The explorer post is open to interested teenagers age 16 to 20. Applications can be found at the Sherriff’s Office or at Mason County Fire District #4 main station on Arcadia Rd. Explorer meetings are held twice a month. We have a tough application process including background checks, interviews, and a monitoring program of integrity, and excellence in education.
Explorers Academy 2015
Today is the final day of the Mason County Explorers Fire Academy. Cadets with the Explorers program have spent all week at Fire District #4 learning the skills needed for them to become firefighters and EMS professionals.
Shelton Resident Graduates from FEMA’s EMI
Chief Bob Burbridge, Mason Fire District #4, graduated from the Federal Emergency Management Agency’s (FEMA) National Emergency Management Basic Academy at the Emergency Management Institute (EMI) on September 18, 2014. EMI has created the National Emergency Basic Academy to produce a comprehensive curriculum that provides the foundational knowledge and skills needed to support the unpredictable challenges in the field of emergency management. Additionally, for those who are new to emergency management or for those who are transferring from another profession, this Academy provides a unique opportunity to build camaraderie and establish professional contacts.
Burbridge completed the five courses in the Basic Academy that includes Foundations of Emergency Management; Science of Disaster; Planning: Emergency Operations; Exercise Design; and Public Information and Warning. To graduate, he fulfilled a total of 167 hours of training.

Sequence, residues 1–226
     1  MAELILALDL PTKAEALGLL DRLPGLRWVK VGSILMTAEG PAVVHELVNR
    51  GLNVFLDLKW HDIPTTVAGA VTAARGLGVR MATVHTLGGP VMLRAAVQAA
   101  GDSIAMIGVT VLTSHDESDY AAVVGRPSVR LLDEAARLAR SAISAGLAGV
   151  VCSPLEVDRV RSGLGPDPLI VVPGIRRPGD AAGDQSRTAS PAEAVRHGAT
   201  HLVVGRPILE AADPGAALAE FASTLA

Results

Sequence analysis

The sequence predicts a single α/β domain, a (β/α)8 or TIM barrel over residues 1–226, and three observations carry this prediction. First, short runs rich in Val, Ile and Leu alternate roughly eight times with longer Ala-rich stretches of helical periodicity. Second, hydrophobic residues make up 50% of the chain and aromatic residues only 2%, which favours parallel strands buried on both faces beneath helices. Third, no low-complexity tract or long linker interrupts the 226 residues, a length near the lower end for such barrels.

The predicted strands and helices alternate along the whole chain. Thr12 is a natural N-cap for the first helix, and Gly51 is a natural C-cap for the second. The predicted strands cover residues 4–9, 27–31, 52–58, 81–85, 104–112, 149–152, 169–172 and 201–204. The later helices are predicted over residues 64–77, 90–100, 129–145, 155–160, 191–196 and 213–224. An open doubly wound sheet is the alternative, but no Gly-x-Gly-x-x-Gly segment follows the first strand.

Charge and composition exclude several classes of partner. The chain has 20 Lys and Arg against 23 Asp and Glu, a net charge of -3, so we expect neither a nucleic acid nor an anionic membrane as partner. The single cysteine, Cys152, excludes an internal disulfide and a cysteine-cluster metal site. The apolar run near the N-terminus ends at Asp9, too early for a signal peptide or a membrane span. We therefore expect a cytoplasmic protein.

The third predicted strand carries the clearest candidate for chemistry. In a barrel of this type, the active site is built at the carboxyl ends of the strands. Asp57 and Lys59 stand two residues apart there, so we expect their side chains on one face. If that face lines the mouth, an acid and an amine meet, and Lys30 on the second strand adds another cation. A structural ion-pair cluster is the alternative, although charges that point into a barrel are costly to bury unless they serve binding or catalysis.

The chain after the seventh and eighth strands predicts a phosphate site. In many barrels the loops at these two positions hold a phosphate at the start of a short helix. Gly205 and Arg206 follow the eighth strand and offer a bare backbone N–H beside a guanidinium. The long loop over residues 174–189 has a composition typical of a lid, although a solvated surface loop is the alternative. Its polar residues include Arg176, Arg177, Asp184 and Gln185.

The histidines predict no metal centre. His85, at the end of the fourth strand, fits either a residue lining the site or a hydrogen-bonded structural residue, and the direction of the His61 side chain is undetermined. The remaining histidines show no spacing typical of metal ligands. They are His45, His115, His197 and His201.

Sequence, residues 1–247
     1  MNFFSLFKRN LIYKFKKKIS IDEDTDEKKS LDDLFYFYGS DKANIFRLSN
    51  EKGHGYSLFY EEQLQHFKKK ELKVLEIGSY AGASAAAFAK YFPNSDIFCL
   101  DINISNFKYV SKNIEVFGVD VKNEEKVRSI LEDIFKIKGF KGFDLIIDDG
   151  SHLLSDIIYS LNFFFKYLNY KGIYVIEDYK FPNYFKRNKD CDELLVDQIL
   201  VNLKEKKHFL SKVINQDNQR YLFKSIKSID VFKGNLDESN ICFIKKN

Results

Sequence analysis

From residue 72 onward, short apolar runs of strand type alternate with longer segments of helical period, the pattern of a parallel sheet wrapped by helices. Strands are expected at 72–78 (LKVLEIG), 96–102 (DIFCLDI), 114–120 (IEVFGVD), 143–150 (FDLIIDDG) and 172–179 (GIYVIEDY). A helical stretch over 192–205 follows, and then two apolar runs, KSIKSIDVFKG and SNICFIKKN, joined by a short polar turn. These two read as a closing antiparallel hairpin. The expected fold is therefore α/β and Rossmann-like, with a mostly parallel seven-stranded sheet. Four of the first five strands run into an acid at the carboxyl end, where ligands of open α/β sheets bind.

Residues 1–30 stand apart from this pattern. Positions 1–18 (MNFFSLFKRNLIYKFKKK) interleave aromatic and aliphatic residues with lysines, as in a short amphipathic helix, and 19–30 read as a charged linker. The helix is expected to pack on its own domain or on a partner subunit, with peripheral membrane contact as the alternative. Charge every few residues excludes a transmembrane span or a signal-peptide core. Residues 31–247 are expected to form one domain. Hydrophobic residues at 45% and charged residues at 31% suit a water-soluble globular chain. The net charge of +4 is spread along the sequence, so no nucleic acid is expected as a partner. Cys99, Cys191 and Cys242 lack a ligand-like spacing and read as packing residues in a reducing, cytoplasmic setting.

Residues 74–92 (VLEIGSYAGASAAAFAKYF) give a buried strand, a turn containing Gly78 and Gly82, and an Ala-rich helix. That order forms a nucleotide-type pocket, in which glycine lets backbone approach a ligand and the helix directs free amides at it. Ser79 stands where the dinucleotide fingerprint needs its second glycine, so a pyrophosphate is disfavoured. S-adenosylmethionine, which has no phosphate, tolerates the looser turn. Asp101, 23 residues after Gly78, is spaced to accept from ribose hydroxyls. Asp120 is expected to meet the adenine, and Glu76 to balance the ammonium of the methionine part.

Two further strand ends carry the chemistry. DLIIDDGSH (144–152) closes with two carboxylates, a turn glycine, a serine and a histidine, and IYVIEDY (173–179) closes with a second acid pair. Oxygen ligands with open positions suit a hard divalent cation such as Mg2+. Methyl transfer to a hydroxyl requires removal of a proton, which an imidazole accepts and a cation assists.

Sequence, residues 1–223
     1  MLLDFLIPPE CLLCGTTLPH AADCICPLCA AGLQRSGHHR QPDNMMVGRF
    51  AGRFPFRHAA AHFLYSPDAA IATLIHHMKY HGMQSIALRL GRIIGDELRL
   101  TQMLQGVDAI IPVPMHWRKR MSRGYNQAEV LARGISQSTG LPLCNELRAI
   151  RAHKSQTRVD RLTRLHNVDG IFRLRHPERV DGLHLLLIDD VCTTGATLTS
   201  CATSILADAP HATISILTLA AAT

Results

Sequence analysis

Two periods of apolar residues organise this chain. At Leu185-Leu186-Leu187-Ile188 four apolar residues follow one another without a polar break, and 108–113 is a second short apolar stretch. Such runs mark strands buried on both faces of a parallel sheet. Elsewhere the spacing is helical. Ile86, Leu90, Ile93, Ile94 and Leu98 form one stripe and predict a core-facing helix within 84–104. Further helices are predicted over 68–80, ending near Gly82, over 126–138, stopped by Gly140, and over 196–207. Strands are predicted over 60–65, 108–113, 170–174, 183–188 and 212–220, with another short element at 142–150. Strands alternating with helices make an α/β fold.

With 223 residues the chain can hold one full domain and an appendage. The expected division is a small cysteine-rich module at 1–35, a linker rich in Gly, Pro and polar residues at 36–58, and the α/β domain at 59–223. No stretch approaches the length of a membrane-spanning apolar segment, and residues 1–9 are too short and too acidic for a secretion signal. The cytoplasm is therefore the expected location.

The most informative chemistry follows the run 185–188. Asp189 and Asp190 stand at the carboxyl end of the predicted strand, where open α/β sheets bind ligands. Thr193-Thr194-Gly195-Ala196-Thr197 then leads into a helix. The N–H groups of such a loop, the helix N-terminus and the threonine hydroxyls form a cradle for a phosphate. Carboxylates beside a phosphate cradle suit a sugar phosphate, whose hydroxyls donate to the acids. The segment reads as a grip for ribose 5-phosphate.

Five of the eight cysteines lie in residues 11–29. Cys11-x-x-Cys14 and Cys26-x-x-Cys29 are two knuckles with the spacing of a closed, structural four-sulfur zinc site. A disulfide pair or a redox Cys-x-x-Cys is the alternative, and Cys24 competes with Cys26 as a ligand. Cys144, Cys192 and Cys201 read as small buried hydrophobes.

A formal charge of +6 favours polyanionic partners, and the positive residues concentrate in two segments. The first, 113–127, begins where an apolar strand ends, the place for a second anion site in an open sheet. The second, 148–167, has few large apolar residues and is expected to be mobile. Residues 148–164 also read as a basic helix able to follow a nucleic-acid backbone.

The Basic Academy is the first phase of FEMA’s new Emergency Management Professional Program (EMPP). The EMPP curriculum is designed to be a lifetime of learning for emergency managers and includes three separate, but closely related, training programs. The National Emergency Management Basic Academy is a gateway for individuals pursuing a career in emergency management. The National Emergency Management Leaders Academy is designed for emerging leaders and mid-level managers who lead emergency management programs and want to advance their skillset. The Executive Academy is designed for senior-level executives who are responsible for making decisions that have a significant effect on prevention, protection and mitigation policy or the management of disaster response and recovery. For more information on FEMA’s training classes through the Basic, Leaders and Executive Academies, or other emergency management courses, go to: http://training.fema.gov/empp/.
Emmitsburg, MD (FEMA Press Release) – October 23, 2014
FEMA’s mission is to support our citizens and first responders to ensure that as a nation we work together to build, sustain, and improve our capability to prepare for, protect against, respond to, recover from, and mitigate all hazards.
IMAGE/Emmitsburg, MD, September 18, 2014–FEMA’s Emergency Management Institute (EMI) graduate Bob Burbridge completed all requirements of the National Emergency Management Basic Academy. Matthew Prager, Acting Integrated Emergency Management Branch Chief, is shown congratulating Burbridge as he graduates.